In our week-long profile of designers Charles and Ray Eames, we studied their design aesthetic and philosophy and talked about the various media they used to forward those philosophies. They made hundreds of explorations into film, for varied purposes. Produced in 1977, Powers of Ten is perhaps their best-known film—and includes a book version. In it, the Eamses utilized the system of exponential powers to demonstrate the importance of scale.
The premise of the film is simple, though its scope is wide: a narrator—physicist Philip Morrison—guides the viewer on a journey that begins with an overhead shot of a couple in a park. The camera then pans back to see what a ten-meter distance looks like, then 100 meters, then 1,000 meters. Every 10 seconds, the viewer’s distance from the initial scene of the couple is magnified tenfold. We expand to the point of 100 million light years from Earth, a field of view of 1024 meters—the size of the observable universe.
As we wrote in last week’s post on our DIY Exploding Zero T-Shirt, inspiration comes at us from every direction. Recently, our design team has been (almost endlessly) inspired by Eames: Beautiful Details. The use of color and form shown by Ray and Charles Eames is bright and modern, even by today’s standards. The image shown above at left inspired the swatch above right, and can be recreated using the basic instructions below in any combination of colors and techniques you choose. This is a perfect project for our Fat Eighths or scraps from your own stash.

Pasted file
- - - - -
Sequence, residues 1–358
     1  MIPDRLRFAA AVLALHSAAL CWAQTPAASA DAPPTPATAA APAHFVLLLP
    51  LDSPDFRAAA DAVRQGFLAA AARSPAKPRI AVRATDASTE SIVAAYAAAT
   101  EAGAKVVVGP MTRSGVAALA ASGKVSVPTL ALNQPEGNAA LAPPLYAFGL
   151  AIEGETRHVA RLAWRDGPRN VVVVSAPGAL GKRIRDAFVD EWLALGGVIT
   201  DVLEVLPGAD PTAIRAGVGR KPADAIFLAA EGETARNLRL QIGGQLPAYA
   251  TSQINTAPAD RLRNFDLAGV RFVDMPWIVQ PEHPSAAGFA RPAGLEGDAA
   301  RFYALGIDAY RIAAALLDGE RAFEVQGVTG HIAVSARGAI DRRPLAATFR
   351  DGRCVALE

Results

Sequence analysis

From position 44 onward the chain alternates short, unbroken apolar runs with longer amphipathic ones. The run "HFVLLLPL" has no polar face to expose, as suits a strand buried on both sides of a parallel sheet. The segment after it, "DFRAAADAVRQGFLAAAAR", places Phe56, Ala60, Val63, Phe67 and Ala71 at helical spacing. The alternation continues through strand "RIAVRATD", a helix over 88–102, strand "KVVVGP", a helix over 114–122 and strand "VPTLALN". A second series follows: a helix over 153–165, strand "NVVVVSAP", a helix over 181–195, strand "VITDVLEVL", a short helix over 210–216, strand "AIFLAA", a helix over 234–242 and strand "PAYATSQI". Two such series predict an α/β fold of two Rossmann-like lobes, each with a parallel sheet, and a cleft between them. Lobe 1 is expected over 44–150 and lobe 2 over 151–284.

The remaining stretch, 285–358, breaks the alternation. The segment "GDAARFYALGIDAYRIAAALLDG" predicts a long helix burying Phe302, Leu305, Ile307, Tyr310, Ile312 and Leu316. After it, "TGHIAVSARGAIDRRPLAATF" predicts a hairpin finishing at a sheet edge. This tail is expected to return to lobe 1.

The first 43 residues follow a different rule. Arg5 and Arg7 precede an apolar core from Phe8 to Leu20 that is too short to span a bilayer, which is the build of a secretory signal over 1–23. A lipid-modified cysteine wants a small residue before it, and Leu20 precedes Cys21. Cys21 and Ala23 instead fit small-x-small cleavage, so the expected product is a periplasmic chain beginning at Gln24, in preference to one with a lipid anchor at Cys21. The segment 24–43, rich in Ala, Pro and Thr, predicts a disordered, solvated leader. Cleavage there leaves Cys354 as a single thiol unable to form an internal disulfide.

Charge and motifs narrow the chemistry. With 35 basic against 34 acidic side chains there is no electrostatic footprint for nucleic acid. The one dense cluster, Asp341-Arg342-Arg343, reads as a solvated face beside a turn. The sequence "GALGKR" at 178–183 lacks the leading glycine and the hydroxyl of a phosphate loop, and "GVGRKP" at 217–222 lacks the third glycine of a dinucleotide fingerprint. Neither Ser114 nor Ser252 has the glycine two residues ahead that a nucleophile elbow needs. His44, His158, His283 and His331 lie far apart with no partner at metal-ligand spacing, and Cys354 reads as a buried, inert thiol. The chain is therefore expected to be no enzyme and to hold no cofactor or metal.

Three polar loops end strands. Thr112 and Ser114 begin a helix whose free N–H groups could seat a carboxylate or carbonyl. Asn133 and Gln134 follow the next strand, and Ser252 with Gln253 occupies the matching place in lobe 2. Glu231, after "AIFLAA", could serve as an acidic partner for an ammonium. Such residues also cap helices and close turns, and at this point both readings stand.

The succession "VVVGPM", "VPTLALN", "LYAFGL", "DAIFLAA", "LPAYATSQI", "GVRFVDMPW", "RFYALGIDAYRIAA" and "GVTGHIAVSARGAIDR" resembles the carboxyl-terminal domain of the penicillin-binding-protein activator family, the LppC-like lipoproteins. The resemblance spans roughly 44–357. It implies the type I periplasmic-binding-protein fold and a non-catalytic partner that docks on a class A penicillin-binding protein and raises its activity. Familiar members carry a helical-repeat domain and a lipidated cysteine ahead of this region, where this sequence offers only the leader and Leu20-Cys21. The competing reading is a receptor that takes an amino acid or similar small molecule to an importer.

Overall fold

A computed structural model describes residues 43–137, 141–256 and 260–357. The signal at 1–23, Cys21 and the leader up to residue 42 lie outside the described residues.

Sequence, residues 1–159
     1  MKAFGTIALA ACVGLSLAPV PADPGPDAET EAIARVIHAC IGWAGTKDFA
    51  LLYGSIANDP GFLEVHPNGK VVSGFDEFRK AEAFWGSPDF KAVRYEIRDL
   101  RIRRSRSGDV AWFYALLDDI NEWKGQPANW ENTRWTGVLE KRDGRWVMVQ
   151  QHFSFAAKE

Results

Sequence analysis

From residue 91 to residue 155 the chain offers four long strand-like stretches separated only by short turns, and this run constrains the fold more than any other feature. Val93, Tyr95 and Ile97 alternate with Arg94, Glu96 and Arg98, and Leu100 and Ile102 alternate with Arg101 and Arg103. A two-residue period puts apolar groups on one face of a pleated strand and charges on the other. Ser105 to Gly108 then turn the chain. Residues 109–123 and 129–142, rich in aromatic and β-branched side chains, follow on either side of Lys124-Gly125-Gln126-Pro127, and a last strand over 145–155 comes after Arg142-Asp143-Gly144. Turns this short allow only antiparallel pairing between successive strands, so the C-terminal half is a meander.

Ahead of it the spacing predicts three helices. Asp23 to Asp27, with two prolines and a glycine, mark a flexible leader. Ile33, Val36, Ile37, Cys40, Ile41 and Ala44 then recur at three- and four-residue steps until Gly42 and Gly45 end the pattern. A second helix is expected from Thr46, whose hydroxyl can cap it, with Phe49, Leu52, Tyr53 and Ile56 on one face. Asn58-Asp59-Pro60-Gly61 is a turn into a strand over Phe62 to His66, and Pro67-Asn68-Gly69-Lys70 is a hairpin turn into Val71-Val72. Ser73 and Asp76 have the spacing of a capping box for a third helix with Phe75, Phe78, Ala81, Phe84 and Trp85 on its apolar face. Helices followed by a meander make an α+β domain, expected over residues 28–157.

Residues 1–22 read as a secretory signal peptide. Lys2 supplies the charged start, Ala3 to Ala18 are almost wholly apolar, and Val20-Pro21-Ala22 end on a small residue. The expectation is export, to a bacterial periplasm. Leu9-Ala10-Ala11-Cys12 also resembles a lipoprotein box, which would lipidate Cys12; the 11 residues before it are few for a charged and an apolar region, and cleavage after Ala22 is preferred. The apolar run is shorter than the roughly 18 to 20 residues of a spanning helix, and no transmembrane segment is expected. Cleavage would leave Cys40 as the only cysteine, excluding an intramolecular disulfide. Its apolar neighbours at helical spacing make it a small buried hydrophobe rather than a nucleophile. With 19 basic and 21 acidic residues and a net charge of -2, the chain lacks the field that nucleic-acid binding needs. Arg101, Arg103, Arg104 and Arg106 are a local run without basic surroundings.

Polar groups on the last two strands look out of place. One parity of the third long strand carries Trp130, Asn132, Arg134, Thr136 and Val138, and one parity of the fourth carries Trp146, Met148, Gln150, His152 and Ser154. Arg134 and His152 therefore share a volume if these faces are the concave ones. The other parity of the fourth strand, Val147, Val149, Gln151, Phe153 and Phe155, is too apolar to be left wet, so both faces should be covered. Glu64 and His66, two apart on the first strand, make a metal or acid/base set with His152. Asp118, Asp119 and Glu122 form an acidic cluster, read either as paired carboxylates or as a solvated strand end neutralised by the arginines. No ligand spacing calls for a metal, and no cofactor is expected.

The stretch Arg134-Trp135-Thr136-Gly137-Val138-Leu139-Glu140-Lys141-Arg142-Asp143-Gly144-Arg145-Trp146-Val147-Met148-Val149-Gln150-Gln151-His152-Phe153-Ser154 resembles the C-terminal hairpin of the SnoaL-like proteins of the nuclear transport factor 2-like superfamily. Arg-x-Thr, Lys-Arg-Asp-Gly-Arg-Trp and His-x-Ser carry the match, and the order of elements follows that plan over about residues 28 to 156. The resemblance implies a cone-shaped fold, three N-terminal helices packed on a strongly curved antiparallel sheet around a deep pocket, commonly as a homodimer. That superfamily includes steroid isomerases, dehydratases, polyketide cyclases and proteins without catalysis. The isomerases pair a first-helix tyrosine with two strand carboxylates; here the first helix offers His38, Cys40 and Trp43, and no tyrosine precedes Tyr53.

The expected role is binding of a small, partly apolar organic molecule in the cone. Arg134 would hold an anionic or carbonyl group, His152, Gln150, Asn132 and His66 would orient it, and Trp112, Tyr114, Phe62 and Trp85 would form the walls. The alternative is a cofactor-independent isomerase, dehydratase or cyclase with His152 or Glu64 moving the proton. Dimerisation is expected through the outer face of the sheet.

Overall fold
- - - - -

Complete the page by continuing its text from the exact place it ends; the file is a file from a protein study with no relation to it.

7” x 9” cotton jersey fabric for top layer
7” x 9” cotton jersey fabric for backing layer
100% organic medium-weight cotton jersey scraps in various colors
Button Craft thread
Basic sewing supplies: scissors, pins, needles, ruler, rotary cutter
Alabama Stitch Book, Alabama Studio Style, or Alabama Studio Sewing + Design: All three of these books contain the basic sewing and embroidery techniques we used to appliqué the squares and add decorative stitches and beads.
…the role of the architect, or the designer, is that of a very good, thoughtful host, all of whose energy goes into trying to anticipate the needs of his guests—those who enter the building and use the objects in it. – Charles Eames
Our favorite Eames quote above is now on our café tables, the production cutting room, and displayed front and center on our design room inspiration board. I looked at the pages above and tried to imagine what Charles and Ray would have served in their gorgeous mid-century kitchen. The kitchens of my 1960s childhood were inspired (through trickle-down design) by Charles and Ray Eames—who sought specifically to target the needs of the average American family.